This article states exactly what I’m trying to prove in my article. However they claim that watching t.v. are considered are habits. I am hoping that I will be able to either prove that children can learn all these things from video games or that video games promote these skills and habits.

Research Post 8: The problem with narrative progression as reward.

Research Post #8

The common criticism of video games in relation to story, is that the medium lacks narrative depth. In previous posts I’ve considered that this may be because gameplay is king with respect to video games, and the narrative component works only as a function for gameplay. But this hypothesis doesn’t seem to hold with respect to all video games. The “Grand Theft Auto” series in particular seems to shape its play around an exciting narrative plots. For instance, a part of the enjoyment a player experiences when eluding the police in a GTA game, is a knowledge of the crime that you are committing that this evasion necessary, be it a bank robbery, or an assassination.

But I think there might be another deeper problem for narrative depth within video games; a lack of emotional diversity. Narrative forms have the opportunity for ambiguous, complex endings, which viewers can be ambivalent towards. For instance, is the ending of “The God Father: Part 1” happy or sad? Neither. The film’s complexity is such that its finale cannot be categorized so simplistically. But the narratives at play in video games are intrinsically limited to finales which carry the connotation of victory, since the only way to reach the end of the narrative is to beat the game. A player wins or they loses; even if the story of the game has a clearly unhappy ending, it is still a victory for the player to have reached that end.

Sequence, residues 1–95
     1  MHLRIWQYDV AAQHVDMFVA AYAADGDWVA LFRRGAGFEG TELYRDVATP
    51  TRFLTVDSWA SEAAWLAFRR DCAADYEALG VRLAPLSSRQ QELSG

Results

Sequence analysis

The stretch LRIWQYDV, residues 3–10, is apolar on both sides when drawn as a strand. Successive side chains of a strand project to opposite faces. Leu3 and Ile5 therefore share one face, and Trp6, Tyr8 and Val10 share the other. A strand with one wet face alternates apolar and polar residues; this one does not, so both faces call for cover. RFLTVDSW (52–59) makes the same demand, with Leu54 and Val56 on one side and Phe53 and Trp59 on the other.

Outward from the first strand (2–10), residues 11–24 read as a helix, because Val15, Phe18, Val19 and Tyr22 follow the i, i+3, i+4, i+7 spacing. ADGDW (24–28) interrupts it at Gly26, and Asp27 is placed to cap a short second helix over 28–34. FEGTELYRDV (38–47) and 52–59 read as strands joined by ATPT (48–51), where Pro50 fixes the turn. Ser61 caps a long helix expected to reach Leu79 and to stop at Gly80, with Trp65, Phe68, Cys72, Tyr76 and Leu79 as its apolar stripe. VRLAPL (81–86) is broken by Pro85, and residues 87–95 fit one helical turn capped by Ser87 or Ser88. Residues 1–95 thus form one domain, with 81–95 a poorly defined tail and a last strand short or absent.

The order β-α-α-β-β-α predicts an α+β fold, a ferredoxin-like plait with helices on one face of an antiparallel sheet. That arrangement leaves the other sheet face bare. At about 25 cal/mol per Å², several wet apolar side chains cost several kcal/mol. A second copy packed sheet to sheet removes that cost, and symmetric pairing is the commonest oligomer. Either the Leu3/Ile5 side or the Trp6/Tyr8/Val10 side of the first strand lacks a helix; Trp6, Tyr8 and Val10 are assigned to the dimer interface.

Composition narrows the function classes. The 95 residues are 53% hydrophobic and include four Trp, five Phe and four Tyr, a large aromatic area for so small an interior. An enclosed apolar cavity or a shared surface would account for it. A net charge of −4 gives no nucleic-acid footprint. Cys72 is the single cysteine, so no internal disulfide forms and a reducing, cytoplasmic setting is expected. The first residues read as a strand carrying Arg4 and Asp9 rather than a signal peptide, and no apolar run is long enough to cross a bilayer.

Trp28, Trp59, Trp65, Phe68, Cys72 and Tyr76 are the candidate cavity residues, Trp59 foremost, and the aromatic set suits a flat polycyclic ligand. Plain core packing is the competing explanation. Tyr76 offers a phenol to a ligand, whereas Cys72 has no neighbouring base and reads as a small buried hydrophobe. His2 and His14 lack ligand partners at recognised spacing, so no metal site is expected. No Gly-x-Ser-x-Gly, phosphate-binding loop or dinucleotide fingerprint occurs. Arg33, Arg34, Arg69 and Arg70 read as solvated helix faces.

This calls back to the theme of narrative progression as a reward system in a video game; to win is to advance the narrative. I think it is precisely this sort of system which seems to make the narratives attached to video games shallow in nature, for with every other narrative medium, the narrative progression is not enjoyable because it is part of the reward system; narrative progression is rather the vehicle of enjoyment itself. You are not rewarded with narrative progression in books or movies, rather narrative progression is simply given to you, with the expectation that the quality of the narrative will cause the subjects to enjoy the progression. In other words, in video games getting through a story is almost a trophy; but in regular narrative mediums, getting progression through a story is done simply for the enjoyment of the story itself. The question is, do video games produce such stories, where even if the reward system was not in play, the player would still be interested in knowing how the narrative progressed? I am unsure.

Below is an article by Roger Ebert where he makes similar arguments against the video games ability to be an artform.

Research post #8

The above referenced article is from 2011, abc news conducted a story about the benefits of video media in educational. The story was actually conducted by a culmination of government agencies as well as independent researchers. They concluded that injecting some type of video media in the classroom improves literary skills when monitored by parents and teachers. Adults are also benefiting from this type of education, through more advanced skills in team working and communication.

With all the information contained in the article the one thing that stood out to me is the fact that there had to be an intense involvement from parents and teachers and I think this is the key to any child’s success.

Research Post #7